Command and communication

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Command and communication

Your role is to remove jargon and explain information assurance in everyday words

Are you really aware of the consequences to your organisation of different types of information breach? Is your board? You need to make sure you understand the value of information assurance (IA), and you need to communicate that to all levels of the company.

You all need to be aware of the laws and regulations that might be broken – and the corporate and personal penalties that can be imposed. Not in depth – just enough for you to appreciate what priorities to recommend.

Failure to communicate the risks can be disastrous. Take one recent example, where the head of a major IT organisation brought an infected laptop into the office and the resultant cleansing cost over £13 million. He knew the rules, but didn't think they applied to him.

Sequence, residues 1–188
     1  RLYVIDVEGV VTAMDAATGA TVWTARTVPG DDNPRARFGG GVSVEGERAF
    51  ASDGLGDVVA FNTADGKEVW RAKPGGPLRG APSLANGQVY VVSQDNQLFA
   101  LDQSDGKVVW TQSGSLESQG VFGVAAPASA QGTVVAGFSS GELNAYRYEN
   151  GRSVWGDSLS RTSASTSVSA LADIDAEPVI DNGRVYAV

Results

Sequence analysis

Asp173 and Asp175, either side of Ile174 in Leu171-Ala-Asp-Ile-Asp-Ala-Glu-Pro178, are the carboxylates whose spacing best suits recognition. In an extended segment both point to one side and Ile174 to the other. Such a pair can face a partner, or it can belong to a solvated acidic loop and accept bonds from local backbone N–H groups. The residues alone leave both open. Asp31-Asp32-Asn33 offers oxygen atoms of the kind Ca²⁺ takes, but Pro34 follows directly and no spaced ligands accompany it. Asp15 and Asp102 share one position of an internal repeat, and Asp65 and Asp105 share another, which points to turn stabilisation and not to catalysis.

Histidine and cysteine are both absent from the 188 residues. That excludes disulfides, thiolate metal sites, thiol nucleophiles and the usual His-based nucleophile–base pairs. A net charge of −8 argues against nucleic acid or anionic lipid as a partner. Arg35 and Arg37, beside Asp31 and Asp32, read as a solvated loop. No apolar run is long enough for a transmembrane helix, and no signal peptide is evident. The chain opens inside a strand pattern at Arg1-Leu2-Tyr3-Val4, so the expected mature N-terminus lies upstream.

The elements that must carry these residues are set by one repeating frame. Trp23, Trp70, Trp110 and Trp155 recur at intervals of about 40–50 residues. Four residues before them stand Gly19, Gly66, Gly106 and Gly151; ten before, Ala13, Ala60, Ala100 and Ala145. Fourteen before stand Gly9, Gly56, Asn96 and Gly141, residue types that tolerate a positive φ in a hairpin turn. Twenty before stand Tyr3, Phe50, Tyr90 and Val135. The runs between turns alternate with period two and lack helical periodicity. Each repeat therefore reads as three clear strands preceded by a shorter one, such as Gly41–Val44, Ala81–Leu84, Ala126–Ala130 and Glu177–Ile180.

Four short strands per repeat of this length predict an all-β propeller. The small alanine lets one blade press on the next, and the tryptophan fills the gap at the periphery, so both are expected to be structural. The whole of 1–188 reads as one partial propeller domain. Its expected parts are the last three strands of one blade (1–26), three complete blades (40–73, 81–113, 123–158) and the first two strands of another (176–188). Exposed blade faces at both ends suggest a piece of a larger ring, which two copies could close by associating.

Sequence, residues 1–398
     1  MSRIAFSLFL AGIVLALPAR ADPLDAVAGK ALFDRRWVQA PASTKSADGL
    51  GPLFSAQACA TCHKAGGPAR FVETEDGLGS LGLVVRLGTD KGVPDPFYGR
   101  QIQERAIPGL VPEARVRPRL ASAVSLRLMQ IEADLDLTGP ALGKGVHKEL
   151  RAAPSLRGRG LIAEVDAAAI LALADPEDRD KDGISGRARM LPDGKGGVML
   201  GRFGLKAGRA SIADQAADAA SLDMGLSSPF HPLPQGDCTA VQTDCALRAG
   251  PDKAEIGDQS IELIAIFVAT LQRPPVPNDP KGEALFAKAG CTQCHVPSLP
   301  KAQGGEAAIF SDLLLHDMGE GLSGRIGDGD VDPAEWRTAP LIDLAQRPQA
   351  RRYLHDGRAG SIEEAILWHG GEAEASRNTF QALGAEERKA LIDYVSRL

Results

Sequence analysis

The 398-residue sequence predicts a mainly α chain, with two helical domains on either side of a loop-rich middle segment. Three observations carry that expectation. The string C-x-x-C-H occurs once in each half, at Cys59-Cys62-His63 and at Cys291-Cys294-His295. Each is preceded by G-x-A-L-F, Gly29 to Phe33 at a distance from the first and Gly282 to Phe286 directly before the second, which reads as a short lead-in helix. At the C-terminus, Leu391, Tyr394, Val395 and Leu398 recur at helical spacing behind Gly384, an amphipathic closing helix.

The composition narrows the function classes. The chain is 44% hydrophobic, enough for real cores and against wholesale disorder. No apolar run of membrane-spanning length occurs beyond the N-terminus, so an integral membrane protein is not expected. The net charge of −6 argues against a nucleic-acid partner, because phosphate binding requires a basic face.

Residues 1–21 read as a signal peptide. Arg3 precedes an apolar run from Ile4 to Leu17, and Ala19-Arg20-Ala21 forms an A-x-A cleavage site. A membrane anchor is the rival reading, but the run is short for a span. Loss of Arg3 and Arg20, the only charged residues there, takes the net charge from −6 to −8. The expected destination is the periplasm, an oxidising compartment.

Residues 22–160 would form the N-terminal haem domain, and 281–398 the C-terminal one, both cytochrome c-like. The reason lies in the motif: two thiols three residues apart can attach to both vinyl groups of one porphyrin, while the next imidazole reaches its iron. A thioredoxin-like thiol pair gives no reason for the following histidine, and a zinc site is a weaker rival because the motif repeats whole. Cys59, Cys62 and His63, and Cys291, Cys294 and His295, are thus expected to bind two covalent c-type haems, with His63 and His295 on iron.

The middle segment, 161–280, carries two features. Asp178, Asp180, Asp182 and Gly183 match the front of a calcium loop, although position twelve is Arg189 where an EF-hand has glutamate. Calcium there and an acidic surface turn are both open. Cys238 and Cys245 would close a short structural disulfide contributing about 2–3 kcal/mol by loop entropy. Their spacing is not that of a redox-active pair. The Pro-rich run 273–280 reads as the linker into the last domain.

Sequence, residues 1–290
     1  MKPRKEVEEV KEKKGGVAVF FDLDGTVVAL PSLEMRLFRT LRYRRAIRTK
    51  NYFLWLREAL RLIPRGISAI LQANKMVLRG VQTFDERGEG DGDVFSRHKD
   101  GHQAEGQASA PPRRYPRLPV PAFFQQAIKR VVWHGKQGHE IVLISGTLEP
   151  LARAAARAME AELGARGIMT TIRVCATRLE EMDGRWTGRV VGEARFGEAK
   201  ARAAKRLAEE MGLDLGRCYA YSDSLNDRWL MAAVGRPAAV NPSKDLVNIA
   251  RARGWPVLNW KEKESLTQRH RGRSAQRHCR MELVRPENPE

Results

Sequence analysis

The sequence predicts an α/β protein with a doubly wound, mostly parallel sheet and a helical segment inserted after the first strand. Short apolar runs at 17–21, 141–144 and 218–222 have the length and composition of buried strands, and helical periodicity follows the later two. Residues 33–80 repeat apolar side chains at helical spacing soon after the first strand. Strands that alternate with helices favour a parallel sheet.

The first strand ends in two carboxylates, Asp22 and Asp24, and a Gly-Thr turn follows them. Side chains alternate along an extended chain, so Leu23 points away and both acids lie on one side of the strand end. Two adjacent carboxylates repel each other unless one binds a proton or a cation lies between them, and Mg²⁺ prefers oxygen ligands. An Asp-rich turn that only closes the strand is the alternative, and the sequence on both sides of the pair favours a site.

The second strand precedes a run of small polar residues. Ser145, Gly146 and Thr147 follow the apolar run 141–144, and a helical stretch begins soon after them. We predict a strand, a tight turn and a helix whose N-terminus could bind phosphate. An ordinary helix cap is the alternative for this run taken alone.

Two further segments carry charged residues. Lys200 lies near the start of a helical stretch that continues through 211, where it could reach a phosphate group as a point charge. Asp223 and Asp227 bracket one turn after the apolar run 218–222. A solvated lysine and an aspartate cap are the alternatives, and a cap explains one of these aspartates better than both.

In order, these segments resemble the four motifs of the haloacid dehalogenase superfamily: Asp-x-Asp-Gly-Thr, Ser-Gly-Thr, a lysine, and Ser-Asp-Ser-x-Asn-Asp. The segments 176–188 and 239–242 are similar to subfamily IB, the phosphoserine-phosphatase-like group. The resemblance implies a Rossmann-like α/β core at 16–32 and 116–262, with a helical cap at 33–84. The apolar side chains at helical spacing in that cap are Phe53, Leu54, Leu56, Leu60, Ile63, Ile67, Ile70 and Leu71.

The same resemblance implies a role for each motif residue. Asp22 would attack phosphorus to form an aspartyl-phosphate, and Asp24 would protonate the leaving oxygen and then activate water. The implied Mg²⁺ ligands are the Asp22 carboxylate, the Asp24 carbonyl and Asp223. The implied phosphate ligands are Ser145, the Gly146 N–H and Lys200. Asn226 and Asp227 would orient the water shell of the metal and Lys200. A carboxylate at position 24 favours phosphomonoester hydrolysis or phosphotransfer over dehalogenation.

In another case, a bank was justly proud of providing access rights and passwords to every new employee within an hour of their arrival. But, through a lack of liaison with HR, it took six months to rescind those rights after employees left.

Most employees know they should shut windows and doors before they go out, but most managers don't know the basics of information assurance. We need to change that.

Your role is to remove jargon and explain in everyday words. Take responsibility for creating an IA culture within your organisation. Become the catalyst that brings together the various departments concerned, and present them with the stark facts for them to work on. Get HR, finance, marketing – as well as your business departments – on the same side.

Michael Harrison is organising the 7th PCII conference on 6 June in London. More details at www.pcii-initiative.co.uk

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